The Unexamined Life in the Digital Age

Socrates is credited with the saying “the unexamined life is not worth living.” But in today’s world of tracking cookies and social media profiles, the unexamined life is starting to sound pretty good.

“Big data” is not all bad. We can use it to create algorithms to identify cancer and even notify those at risk. We can use it to make businesses more efficient in responding to consumer demand. We also use it to pay for the valuable services of online companies–we sign up for an online service in exchange for our consent to receive advertisements and share our data. In this way, data has become the currency of the internet.

Unfortunately, consumers are not always aware of the price that they are paying for online services. While surveys show that we enjoy the benefits of being tracked, those same surveys show that being tracked without our knowledge makes us more than a little uncomfortable.

The FCC enforces privacy policies for online services, but has yet to set any minimum standards for those policies. Reputable companies and trade groups have attempted to fill this vacuum with industry best practices, which, while laudable, are unenforceable.

My new paper reviews the benefits and risks of “big data,” including how online companies sell user data to data brokers as well as how we use data to help treat cancer. It then surveys current tracking methods and the legal framework currently in place to police them. It then uses regulations developed in the banking industry to suggest a a risk based, disclosure oriented regulatory framework for data.

First, any regulatory framework must adapt to the wide variety of relationships between sites and users, data types, and data uses. For example, when a user sets up an account, the user expects a more permanent relationship and the sign up process provides the opportunity for disclosures to be made. In that case, the risk that users are being tracked without their knowledge is diminished and so the regulatory scrutiny should be likewise diminished. Likewise, the kind of data gathered and the way the company uses that data may increase or decrease the risk to consumers.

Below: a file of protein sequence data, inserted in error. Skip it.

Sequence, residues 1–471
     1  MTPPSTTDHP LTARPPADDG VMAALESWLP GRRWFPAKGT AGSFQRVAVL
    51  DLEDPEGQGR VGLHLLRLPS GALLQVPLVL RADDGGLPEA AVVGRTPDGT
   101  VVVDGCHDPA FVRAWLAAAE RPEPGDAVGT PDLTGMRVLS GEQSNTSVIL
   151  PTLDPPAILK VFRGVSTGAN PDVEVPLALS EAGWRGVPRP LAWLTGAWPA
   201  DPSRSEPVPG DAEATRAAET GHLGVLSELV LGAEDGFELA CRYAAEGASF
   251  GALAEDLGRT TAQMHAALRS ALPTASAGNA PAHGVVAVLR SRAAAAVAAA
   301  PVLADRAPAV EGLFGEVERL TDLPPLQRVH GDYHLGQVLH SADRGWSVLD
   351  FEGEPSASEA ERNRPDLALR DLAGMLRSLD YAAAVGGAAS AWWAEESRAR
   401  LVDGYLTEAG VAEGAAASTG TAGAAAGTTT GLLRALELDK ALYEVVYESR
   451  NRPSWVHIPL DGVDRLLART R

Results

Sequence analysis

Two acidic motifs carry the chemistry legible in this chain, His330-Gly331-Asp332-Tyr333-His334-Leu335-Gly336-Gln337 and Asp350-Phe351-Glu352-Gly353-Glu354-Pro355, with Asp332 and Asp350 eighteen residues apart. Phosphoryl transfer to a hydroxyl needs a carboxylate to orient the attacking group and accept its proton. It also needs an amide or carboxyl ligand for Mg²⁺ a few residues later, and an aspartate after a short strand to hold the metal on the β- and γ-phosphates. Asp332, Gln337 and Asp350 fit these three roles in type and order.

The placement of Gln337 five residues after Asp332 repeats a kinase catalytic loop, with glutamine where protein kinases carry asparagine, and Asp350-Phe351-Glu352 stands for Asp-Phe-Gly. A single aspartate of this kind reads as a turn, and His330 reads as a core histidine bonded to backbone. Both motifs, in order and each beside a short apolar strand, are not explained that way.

Second, the regulatory framework should focus on disclosure, opportunity to opt out, and usage based data collection. In order for consumers to make an informed decision about the price that they are paying for online services, we need to bring that exchange into the light. Uniform disclosures would go a long way to helping consumers know what kind of site they are signing up for and allow them to better control what they are sharing online. Likewise, the opportunity to opt out of some collection would allow companies to customize their offers to consumers and ensure that consumers have the right to end data collection when they choose to stop using the site (but not to be forgotten as in Europe). Last, the amount and type of data gathered should be in proportion with the services provided. Recent uproar over flashlight apps gathering and selling personal information comes to mind. The FCC’s response that shut down one of these apps only complained about the fact that it violated the app’s privacy policy. But there is something inherently wrong about a company taking so much information while providing so little benefit.

Third, the UDAAP standard developed in the banking industry could serve as the standards for enforcing this regulation. These standards prohibit unfair, deceptive, and abusive acts or practices. These standards could be adapted to serve as a tool to regulate the “online currency,” data. Additionally, given the degree of separation between data brokers and consumers, a data broker registry might make good sense. We use a similar registry with money transmitters.

A successful regulatory scheme for data collection must carefully balance consumer protection with the valuable benefits that big data can provide. A risk based, disclosure oriented strategy will accomplish this goal.

The Unexamined Life in the Era of Big Data: Toward a UDAAP for Data

*this paper was accepted for publication in the University of Dayton Law Review’s Summer 2015 edition.


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